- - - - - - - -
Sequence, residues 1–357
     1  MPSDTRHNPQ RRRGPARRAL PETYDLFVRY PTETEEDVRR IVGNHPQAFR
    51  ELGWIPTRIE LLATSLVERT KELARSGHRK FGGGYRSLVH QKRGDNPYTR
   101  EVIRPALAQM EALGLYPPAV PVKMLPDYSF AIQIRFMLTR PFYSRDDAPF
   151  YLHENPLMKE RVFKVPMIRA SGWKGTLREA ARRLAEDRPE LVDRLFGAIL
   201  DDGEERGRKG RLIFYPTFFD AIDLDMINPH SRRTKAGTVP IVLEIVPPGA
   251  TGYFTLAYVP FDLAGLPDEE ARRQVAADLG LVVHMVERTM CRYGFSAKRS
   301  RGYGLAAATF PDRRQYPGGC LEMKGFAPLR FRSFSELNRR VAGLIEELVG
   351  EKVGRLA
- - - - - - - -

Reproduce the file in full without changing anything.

Sequence, residues 1–357
     1  MPSDTRHNPQ RRRGPARRAL PETYDLFVRY PTETEEDVRR IVGNHPQAFR
    51  ELGWIPTRIE LLATSLVERT KELARSGHRK FGGGYRSLVH QKRGDNPYTR
   101  EVIRPALAQM EALGLYPPAV PVKMLPDYSF AIQIRFMLTR PFYSRDDAPF
   151  YLHENPLMKE RVFKVPMIRA SGWKGTLREA ARRLAEDRPE LVDRLFGAIL
   201  DDGEERGRKG RLIFYPTFFD AIDLDMINPH SRRTKAGTVP IVLEIVPPGA
   251  TGYFTLAYVP FDLAGLPDEE ARRQVAADLG LVVHMVERTM CRYGFSAKRS
   301  RGYGLAAATF PDRRQYPGGC LEMKGFAPLR FRSFSELNRR VAGLIEELVG
   351  EKVGRLA